Here Is the Scythe’s Visual Tell for Reverse-Thrusting

Scythe pilots often have the problem that because their vertical thrusters don’t flip down, they can’t exactly tell when to initiate the reverse-thrust maneuver. We know of another helpful visual tell.


Scythe It Up!The Scythe is a special case when it comes to reverse maneuvering. Its vertical thrusters are immovable. In other words, they don’t flip into a vertical position when you are about to switch to hover mode like it is the case with the Reaver or the Mosquito.

As such, Scythe pilots are not able to tell when exactly to transition into reverse maneuvering merely by checking the position the vertical thrusters are in. That is no reason to despair, though, as there is another visual tell for the Scythe.

Contrails! Regardless of your graphics settings, your Scythe produces contrails from its wings when in flight mode, and none whatsoever when in hover mode. Let’s have a look at the following screenshots. You can’t miss it, the contrails I am talking about are seen as a white streak against the sky.

Contrails Example

The bright white arrows highlight the contrails created by the Scythe

Ergo, as a rule of thumb for Scythe pilots, whenever you cut your forward momentum and the contrails from your wings cease to appear, you are good to start reverse maneuvering and jam your afterburner.

To further illustrate that, here is a pair of screenshots to round this short tutorial off:

Contrails 2

1: The Scythe is in the process of slowing down. Since the contrails are still visible, the aircraft hasn’t yet reached the point where transitioning into reverse-thrusting is advised. 2: The contrails from the Scythe’s wings are in stage of slowly disappearing. Now is the truly safe moment to engage the afterburner in order to start thrusting in reverse.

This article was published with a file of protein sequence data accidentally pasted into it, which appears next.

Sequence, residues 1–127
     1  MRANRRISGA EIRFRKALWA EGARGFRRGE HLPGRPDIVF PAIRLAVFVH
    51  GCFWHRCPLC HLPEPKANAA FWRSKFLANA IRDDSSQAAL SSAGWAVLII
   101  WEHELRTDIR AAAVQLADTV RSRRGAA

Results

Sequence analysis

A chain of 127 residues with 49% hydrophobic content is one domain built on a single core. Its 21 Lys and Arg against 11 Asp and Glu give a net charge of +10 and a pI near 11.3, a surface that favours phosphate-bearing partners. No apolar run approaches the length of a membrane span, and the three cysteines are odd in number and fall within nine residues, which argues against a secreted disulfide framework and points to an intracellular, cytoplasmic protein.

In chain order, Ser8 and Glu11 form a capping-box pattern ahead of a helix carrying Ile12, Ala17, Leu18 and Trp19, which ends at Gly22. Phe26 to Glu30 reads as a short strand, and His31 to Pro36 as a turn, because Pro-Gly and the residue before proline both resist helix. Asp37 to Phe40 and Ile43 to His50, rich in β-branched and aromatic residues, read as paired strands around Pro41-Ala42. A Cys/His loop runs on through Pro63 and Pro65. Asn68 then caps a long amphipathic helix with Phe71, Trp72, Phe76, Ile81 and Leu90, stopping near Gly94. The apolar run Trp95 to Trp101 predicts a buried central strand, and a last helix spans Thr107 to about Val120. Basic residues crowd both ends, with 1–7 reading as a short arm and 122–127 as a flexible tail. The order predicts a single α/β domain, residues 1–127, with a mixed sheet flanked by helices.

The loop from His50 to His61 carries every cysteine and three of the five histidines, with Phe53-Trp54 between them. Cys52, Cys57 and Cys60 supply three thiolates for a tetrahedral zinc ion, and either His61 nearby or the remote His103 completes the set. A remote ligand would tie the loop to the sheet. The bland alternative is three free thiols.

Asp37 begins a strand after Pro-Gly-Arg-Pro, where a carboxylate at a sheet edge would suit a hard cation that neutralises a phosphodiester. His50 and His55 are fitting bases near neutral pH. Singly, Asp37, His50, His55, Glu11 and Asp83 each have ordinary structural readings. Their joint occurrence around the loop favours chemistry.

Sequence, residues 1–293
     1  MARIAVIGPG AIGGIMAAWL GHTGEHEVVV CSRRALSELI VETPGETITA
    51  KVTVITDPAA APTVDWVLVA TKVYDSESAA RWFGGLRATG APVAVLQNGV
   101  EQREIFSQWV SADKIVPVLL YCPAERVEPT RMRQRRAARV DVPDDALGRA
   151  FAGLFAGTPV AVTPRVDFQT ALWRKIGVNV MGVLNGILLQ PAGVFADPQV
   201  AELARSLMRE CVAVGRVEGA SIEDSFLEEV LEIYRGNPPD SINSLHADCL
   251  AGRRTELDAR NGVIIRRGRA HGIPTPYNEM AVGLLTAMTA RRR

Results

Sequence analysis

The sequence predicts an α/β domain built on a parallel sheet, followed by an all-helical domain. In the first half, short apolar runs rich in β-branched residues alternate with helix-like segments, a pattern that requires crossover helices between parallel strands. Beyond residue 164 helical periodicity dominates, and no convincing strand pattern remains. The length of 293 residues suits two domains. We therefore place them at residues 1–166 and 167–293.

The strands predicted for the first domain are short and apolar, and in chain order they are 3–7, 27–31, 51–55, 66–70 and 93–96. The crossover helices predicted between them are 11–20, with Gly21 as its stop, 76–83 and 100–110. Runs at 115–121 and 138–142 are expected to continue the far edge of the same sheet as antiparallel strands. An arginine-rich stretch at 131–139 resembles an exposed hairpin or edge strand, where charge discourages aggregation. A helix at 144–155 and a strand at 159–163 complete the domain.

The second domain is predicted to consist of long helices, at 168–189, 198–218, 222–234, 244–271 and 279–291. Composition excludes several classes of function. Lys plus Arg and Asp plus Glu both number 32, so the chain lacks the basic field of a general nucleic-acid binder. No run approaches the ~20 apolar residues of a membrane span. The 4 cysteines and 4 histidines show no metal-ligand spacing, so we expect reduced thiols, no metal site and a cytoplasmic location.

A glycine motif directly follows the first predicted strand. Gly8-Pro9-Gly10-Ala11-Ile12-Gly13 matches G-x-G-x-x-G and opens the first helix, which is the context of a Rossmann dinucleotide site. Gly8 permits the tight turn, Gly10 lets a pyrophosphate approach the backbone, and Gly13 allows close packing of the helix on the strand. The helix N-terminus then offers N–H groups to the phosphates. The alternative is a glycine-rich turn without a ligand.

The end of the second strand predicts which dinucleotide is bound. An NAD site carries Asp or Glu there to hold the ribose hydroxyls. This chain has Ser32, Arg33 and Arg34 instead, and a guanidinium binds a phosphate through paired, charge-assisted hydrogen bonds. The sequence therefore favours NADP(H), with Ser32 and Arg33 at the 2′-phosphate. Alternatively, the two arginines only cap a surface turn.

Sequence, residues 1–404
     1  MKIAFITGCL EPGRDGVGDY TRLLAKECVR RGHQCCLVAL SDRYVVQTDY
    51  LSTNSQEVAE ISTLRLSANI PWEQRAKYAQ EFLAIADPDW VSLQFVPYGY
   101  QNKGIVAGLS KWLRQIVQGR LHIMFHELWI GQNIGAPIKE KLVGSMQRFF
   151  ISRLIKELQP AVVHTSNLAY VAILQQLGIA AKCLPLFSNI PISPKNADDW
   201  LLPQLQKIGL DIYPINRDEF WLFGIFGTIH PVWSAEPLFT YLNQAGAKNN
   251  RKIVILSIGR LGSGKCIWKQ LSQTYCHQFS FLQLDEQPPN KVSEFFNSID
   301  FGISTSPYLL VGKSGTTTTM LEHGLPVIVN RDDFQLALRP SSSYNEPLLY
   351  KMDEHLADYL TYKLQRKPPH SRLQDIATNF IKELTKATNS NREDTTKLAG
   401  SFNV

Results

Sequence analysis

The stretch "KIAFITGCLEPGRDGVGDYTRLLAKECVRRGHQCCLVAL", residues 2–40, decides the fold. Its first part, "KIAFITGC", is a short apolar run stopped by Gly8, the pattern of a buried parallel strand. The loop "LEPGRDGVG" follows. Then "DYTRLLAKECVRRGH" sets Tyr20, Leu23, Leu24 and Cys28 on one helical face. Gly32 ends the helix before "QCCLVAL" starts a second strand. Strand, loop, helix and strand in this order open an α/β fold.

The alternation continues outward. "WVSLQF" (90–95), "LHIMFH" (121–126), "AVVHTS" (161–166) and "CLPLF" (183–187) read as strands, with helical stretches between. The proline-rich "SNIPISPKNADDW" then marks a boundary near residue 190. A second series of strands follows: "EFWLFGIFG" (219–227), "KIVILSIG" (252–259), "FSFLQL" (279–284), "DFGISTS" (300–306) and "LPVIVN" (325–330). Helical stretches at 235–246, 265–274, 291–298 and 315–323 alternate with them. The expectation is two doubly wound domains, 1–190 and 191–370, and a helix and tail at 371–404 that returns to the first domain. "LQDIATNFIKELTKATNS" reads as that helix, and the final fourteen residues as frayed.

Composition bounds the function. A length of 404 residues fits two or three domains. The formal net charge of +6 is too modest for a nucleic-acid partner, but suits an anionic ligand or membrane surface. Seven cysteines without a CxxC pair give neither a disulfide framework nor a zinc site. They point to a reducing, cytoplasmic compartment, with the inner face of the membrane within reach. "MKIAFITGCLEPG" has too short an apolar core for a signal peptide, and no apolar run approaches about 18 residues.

For more on reverse maneuvering, I’d like to refer you to my extensive and further revised article Mastering the Reverse-Thrust Maneuvers.


5 thoughts on “Here Is the Scythe’s Visual Tell for Reverse-Thrusting

    • I get what you’re implying. Of course, ideally, in a one-on-one dogfight, never. You want to stay as much in first-person view and thereby on-target as possible, and, usually, if you’re over open terrain, it’s never necessary to switch perspectives in such a dogfight.

      However, as you know, there are advantages to oscillate back and fro between first-person view and third-person view and everyone does it. One occasionally has to check up on one’s thrusters/contrails, positioning, surroundings (multiple enemies), even in dogfights when you’re fighting in more cramped space, for instance. When you aren’t in a dogfight at all third-person view is usually the go-to for scouting (e.g. at maximum altitude) even if alone for the more distinct sound effects you’re getting in third person view and which are so important for singling out threats.

      These are only a few examples. All that, however, doesn’t mean that you have to spend the whole maneuver in third-person view. Quite the contrary.

    • When you learn when your ESF switches into hover-mode, third person is no longer required, however you should note that in order to learn that you actually need to know when it happens.

    • If you put lots of hours into practicing reverse-thrusting in first-person view in VR Training, you’ll be good. I wouldn’t hold my breath for an in-cockpit indicator of that kind.

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